Brenna was startled from her observation of the stranger by a flash of white. It was her silver-white wolf. It had circled around and was now stalking the man again. She wanted to whistle a warning to the beast, but that would draw the stranger's attention to her as well. It seemed like the man was oblivious to her pet's proximity, though his horse was prancing nervously, very aware of it. The wind wrapped the stranger's cloak around an abel and muscular build that made Brenna wonder if his face was as fine.
What facet of the writing craft comes easiest to you? What do you struggle with?
The research is easiest because I can never read enough about this period when Christianity struggled to survive and spread in a pagan world. And I've always been intrigued with the history and tradition behind the Arthurian romances. I chose the documented historical Arthur, Prince of Dalraida (Scotland) who was high king of the kings of Britain, not technically a king himself. He was a duke of war. And then there are the customs of this era and the fascinating metaphors in Arthurian romance tales that make sense if one is familiar with the culture and faith of the time. If one researches a book well enough, the research will write it. No fiction is stranger than the truth.
My most difficult task is dealing effectively with word count. I always overwrite, find that I've written 2/3 of the allocated count and have ½ the story left to do. I've just been through it again with Thief, book two of the Brides of Alba (ancient Scotland). The truly neat thing is that after God lets me stew for a day or so, He gives me the greatest solutions, usually around 4 to 6 AM, hours I never see unless I'm plot-befuddled. And I know this change will surprise the reader because this new ending is one to me. I love God as a writing partner.
Choose an inanimate object to represent you. Explain what you have in common with that object.
My first thought was a corpse. But then I don't have much in common with that. (I've been watching too many crime shows!) A book is probably chosen often, but I can relate to a book. Books are meant to be held. I like that. There is so much more to the book than its cover and it can give again and again.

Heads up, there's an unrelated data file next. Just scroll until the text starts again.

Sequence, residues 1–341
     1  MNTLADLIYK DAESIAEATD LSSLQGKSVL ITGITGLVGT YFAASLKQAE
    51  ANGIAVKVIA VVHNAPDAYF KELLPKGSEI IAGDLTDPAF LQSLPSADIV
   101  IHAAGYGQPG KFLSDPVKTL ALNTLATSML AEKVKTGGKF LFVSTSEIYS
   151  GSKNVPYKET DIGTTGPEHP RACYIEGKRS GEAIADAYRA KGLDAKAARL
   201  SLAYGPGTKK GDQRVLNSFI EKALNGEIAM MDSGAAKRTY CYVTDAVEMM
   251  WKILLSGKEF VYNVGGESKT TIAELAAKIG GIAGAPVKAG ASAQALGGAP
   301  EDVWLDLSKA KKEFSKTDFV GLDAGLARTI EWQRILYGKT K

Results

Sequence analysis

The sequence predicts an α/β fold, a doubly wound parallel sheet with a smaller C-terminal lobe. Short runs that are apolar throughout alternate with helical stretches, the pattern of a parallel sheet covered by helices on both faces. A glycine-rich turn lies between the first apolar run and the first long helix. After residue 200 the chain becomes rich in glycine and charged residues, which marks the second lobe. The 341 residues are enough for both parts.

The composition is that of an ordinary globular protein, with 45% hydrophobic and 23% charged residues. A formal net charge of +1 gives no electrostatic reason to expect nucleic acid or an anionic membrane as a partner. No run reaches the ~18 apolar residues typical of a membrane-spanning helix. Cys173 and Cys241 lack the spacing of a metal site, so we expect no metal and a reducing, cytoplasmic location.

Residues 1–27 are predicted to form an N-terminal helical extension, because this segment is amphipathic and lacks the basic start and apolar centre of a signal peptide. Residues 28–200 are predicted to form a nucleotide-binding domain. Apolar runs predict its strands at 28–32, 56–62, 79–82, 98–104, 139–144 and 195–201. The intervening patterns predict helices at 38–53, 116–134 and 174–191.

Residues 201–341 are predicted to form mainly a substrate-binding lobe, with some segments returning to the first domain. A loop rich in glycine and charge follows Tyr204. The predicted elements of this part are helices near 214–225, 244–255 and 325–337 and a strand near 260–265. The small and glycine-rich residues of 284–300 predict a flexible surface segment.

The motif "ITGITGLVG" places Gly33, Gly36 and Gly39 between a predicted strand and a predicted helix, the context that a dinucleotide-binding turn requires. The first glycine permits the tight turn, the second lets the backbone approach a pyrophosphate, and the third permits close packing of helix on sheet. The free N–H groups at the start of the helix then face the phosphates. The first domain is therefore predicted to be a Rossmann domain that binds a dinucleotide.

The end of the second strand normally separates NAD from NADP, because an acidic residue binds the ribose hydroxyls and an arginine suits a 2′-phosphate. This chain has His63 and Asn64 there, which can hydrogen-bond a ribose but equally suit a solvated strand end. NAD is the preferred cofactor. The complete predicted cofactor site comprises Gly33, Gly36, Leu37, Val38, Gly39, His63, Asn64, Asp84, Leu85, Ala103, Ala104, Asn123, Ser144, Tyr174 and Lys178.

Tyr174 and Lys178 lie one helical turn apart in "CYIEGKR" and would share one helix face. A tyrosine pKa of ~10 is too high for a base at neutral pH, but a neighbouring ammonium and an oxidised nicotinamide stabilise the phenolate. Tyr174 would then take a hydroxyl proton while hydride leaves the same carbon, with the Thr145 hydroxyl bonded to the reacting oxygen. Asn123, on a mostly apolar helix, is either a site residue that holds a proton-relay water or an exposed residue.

I would have loved to hear you relate yourself to the corpse . . .
What is the last book you read that moved you?
Yeshua: A Guide to the Real Jesusby Dr. Ron Moseley. It was illuminating, deepening my understanding of my faith and the faith and methods of teaching in the original church. The more I understand, the more I am able to witness. That is why the Dark Age research is so important, especially as it concerns the Christian witness to a pagan world. Holy Cow, the same principles can be applied to New Age today.
Many know how this same kind of research helped me reach my daughter after she'd been stalked and assaulted in college, turned against God, and got involved in Wicca-white witchcraft. I could take her step by step through the same rationale used by the early Christians. It was enough to make her think. God did the rest. She came back to Christ on Mother's Day 2004. What a gift from God and her!
What a fantastic story, Linda! I love that!
What are you working on now?
I'm working on the second Brides of Alba book, Thief. This is a challenge because the hero in this book was the villain in Healer. He is Caden, the middle brother. And as different as Caden is from Ronan, Sorcha is ever so different from the faithful, stalwart Brenna. She's a thief. But her journey to faith, given hope by the forgiveness of the thief on the cross, and Caden's struggle to accept God's forgiveness and live a life for God make for an exciting story and tempestuous romance with God at the center. He's the only One who can pull this one off.
Where else can readers find you or your writing online?
I hope they'll stop by my website at www.LindaWindsor.com and check out my book excerpts, enter contests and maybe sign up for my Umpthly Newsletter. (Umpthly is a Windsorism meaning it comes out only when I have something to say.)
Very A. A. Milne sounding!
The book is available for purchase online via the buttons below:
Thanks so much, Trish, for inviting me by.
Thanks, Linda, for visiting with us and telling us about your novel. Readers, Linda has offered to give a copy of her book to the winner of our drawing on Saturday, June 26. To enter, leave a comment for Linda, below. Leave your email address, in case you win, like so: trish[at]trishperry[dot]com.
Check out my interviews with Maggie Brendan and Vanessa Miller, below, and leave a comment under their interviews to be entered in drawings for signed copies of their books.
Annoying legal disclaimer: drawings void where prohibited; open only to U.S. residents; the odds of winning depend upon the number of participants. See full disclaimer HERE.